Picture posted by Courtnaye Richard - Loving the Lord with all Your Heart, Soul, Mind, and Strength
It is true there is a type of dry intellectualism that kills true devotion to Christ, such was the case with much of medieval scholasticism and its post-Reformation offspring. The solution, however, is not to swing to the other extreme and reject the proper use of the mind and intellect. Commitment to Christ and faithfulness to Him is not antithetical (directly opposed) to the legitimate use of the mind to think about our faith and contemporary challenges.
Picture posted by Vitaliy Shelemba on 18 June 2016 - Pharisee always looking down on others
Paul knew the importance of the mind and saw that a proper use of the mind is necessary in worship. There were people in the early church who had misunderstood the value of the mind or were attracted to the ecstatic religious movements of their day. They allowed their worship services to descend to nothing more than delirious mindless practices, mistaking their ecstasy for true devotion to Christ. Thus Paul wrote: "I will pray with my spirit, but I will also pray with my mind" (1 Corinthians 14:15). The proper exercise of the mind will save us from mindless worship that may entertain but does not edify [instruct or improve (someone) morally or intellectually].
Most people prefer the selective approach to the bible-selecting only what reinforces their own beliefs and behaviors - by Seedy4Cascadia (twitter) on 19 Mar 2015 at 8:24 AM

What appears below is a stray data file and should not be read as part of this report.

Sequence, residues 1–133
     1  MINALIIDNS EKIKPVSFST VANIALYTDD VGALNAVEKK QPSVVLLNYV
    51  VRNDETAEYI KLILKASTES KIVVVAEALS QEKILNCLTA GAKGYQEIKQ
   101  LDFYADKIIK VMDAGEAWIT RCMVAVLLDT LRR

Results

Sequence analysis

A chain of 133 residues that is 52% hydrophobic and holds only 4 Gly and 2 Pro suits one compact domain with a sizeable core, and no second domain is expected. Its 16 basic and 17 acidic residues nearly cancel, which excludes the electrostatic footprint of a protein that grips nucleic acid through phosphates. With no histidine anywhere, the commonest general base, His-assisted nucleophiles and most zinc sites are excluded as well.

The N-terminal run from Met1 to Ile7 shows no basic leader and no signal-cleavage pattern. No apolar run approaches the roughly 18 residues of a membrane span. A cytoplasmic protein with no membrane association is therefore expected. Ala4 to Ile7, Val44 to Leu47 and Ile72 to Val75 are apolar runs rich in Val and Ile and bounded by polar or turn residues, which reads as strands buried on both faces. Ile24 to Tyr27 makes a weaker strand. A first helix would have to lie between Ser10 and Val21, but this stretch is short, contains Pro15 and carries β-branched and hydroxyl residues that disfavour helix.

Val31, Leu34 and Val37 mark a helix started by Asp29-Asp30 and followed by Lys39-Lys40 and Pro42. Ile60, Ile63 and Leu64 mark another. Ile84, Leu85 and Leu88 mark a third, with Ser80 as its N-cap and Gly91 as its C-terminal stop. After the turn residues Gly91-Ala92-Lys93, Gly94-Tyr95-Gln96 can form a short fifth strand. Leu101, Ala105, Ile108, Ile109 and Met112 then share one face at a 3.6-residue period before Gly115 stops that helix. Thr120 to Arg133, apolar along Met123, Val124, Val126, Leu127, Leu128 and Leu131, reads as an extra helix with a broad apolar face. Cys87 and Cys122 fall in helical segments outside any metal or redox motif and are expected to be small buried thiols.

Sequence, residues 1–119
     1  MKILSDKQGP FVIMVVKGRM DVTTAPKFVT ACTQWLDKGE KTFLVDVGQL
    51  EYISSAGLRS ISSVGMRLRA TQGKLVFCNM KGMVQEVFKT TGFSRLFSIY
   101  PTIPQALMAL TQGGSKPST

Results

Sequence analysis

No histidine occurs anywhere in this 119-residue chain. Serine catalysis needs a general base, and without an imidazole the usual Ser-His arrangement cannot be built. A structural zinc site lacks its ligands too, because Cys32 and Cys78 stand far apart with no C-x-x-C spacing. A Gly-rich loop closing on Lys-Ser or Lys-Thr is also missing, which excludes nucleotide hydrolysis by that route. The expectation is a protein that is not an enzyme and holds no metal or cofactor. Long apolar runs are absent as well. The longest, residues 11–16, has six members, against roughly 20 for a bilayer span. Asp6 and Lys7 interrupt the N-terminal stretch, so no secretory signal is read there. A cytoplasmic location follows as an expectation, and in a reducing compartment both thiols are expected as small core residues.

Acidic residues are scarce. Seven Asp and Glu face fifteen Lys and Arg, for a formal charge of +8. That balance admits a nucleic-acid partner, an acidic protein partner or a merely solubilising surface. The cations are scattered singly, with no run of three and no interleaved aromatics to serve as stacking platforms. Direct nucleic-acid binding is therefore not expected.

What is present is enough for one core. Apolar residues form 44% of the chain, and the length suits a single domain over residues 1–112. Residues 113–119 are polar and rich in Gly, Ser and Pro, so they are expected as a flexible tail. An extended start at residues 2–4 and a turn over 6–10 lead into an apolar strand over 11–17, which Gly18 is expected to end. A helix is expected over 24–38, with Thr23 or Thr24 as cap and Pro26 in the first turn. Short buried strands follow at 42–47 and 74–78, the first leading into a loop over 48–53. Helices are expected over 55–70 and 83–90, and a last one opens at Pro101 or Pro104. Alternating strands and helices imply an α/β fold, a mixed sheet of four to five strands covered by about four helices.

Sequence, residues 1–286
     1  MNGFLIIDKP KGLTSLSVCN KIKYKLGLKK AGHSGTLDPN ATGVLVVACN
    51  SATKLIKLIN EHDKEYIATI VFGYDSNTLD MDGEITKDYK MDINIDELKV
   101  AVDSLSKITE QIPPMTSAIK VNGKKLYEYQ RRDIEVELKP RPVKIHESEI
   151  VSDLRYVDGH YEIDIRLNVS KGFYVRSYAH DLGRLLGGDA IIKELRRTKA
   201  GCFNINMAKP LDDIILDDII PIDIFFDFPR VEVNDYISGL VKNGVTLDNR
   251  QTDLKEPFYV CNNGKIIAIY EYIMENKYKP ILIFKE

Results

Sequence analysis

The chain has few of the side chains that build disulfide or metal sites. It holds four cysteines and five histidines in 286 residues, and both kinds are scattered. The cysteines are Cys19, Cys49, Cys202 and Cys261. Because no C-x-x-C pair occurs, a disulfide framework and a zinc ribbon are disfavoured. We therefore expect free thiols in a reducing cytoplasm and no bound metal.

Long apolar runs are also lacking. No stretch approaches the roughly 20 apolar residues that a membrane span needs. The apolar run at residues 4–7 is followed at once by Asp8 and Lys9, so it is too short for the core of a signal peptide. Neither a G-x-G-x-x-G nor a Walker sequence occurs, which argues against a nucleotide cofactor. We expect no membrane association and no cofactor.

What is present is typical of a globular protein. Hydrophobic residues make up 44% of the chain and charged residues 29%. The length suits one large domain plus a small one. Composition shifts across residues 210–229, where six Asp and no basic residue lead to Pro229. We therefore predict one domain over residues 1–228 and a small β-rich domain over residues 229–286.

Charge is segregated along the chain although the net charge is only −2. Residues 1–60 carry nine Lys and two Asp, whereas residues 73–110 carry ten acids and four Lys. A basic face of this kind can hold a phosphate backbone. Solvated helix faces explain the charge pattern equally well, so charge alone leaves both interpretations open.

Picture posted by Greg Hogben on 19 March 2015 at 8:18 AM
The mind, like the body, can also run wild. It must be properly disciplined and trained. Spiritual transformation includes the renewing of the mind (Romans 12:2), which results in the removal of the devil's tight blindfold over people's minds (2 Corinthians 4:4) so that new godly attitudes can be adopted (Ephesians 4:23). Paul also pointed to the need to "take captive every thought to make it obedient to Christ" (2 Corinthians 10:5) because the mind, independent of God, is capable of all kinds of sinful thoughts and attitudes.
Painting by Peter Paul Rubens 1577-1640 - Carrying the cross
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One way in which the mind is shaped, transformed, and tutored is through the careful and regular reading of God's Word and the application of it in daily life. The mind is also stretched by reading good Christian literature that explains biblical truths and principles and illustrates the Christian life that God is pleased with. John Wesley, again, is a good example here. He called himself a man of one book (homo unius libri) pointing to the centrality of the Bible in his life. 
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But that did no mean that he did not read anything else. Rather, he read very widely and on a wide range of topics, so much so that he had an educated opinion on many subjects, including science, history, economics, and medicine.
Through many of Wesley's early travelling preachers were simple laymen such as tailors, farmers, and cobblers, he developed a reading programme for them, compiling excerpts from 120 books into A Christian Library of 50 Volumes that he considered to be important for the training and reflection of his preachers.  Those were not easy material even for well-educated people, but Wesley expected the good use of the mind and the place of sanctified reason in Christian discipleship and ministry.
John Wesley edited and abridged a number of devotional classics and republished them in what he called A Christian Library. These “Extracts from and Abridgments of the Choicest Pieces of Practical Divinity Which Have Been Published in the English Tongue,” as Wesley subtitled them, were first published in 50 volumes in 1750. The World Methodist Museum houses the First Edition of all 50 volumes.
Posted by by admin in Artifacts, Timeline on 24 March 1750